Skin cancer is the most common cancer in the United States. The two most common skin cancers are called basal cell and squamous cell carcinomas. Although these cancers are highly curable, treatment can be disfiguring.
Melanoma is the third most common skin cancer, which can be deadly.
According to a study published in the Journal of Clinical Investigation, a vaccine for melanoma has passed the initial human trial without causing any harmful side effects.
Duke University researchers are injecting dendritic cells into patients. These cells are a part of the immune system that normally protects the body from diseases.
Dr. Ruemu Birhiary, an oncologist at St. Vincent Hospital in Indianapolis explains that cancer cells block protein fragments that are essential to the immune system and allow cancers such as melanoma to get worse.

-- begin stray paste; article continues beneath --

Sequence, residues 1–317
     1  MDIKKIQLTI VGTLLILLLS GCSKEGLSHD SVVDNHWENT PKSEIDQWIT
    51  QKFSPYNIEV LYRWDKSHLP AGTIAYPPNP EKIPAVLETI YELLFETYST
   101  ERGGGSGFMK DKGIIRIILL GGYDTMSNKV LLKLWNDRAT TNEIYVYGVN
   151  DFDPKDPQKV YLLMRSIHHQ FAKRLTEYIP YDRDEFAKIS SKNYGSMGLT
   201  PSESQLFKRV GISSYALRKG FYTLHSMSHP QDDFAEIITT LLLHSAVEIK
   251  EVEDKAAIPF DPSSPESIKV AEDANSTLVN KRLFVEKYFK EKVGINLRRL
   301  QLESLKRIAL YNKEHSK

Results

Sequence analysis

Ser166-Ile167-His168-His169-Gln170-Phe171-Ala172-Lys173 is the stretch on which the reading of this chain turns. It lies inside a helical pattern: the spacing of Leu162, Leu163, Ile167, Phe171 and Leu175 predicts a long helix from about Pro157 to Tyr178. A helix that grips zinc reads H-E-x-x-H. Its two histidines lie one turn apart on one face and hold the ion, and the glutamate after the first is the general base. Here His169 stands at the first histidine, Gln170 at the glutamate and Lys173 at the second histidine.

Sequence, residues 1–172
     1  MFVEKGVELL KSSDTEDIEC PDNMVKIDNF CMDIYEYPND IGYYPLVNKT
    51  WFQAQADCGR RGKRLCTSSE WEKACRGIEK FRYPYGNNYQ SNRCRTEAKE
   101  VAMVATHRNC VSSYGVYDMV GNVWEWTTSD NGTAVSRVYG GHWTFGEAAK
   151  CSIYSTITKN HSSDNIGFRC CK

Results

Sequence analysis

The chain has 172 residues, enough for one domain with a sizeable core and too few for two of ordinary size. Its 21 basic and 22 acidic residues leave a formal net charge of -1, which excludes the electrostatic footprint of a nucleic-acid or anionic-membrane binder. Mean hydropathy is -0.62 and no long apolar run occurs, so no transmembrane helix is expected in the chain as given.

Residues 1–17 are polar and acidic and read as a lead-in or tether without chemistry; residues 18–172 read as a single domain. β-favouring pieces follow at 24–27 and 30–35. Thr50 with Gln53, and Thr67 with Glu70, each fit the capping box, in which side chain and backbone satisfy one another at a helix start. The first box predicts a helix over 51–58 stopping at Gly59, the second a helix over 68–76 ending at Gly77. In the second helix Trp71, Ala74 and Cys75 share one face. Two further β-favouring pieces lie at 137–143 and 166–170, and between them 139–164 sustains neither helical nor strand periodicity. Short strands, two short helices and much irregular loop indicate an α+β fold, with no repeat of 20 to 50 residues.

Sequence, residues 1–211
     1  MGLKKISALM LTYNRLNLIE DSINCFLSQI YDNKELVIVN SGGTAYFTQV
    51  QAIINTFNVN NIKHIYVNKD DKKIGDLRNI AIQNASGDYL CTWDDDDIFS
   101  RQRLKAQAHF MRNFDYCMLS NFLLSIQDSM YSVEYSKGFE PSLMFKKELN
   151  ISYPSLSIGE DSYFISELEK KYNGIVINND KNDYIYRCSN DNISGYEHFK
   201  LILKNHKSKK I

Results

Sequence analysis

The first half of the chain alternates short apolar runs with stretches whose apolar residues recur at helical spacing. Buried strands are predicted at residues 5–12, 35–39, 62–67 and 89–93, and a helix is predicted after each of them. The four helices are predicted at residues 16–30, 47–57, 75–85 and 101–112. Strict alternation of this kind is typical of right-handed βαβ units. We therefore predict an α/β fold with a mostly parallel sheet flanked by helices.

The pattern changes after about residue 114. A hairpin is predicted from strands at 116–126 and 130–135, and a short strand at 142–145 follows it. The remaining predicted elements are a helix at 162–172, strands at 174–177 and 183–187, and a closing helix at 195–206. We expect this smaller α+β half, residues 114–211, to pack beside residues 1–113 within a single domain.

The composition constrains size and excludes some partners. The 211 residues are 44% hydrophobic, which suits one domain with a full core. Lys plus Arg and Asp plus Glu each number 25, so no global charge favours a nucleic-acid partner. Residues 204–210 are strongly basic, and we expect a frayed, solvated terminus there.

International Research for Melanoma Vaccine
In London, the Roswell Park Cancer Institute (RPCI) will evaluate the safety of immunotherapy towards curing advanced melanoma.
The vaccine developed by RPCI researchers shows promise for treating tumors in patients with stage III/ stage IV melanoma.
Surgical oncologist and chief of the melanoma/sarcoma service at RPCI, John M. Kane III, will lead the phase 1 clinical trial.
The trial will involve 12 to 20 patients over the course of three years. These patients with advanced melanoma will receive a series of three vaccinations over six weeks.
This research will be funded by the donation from the Jennifer Linscott Tietgen Family Foundation.
The donation is intended to help new developmental therapies. This study is the sixth launched through RPCI’s center for immunotherapy since the center opened in 2010.
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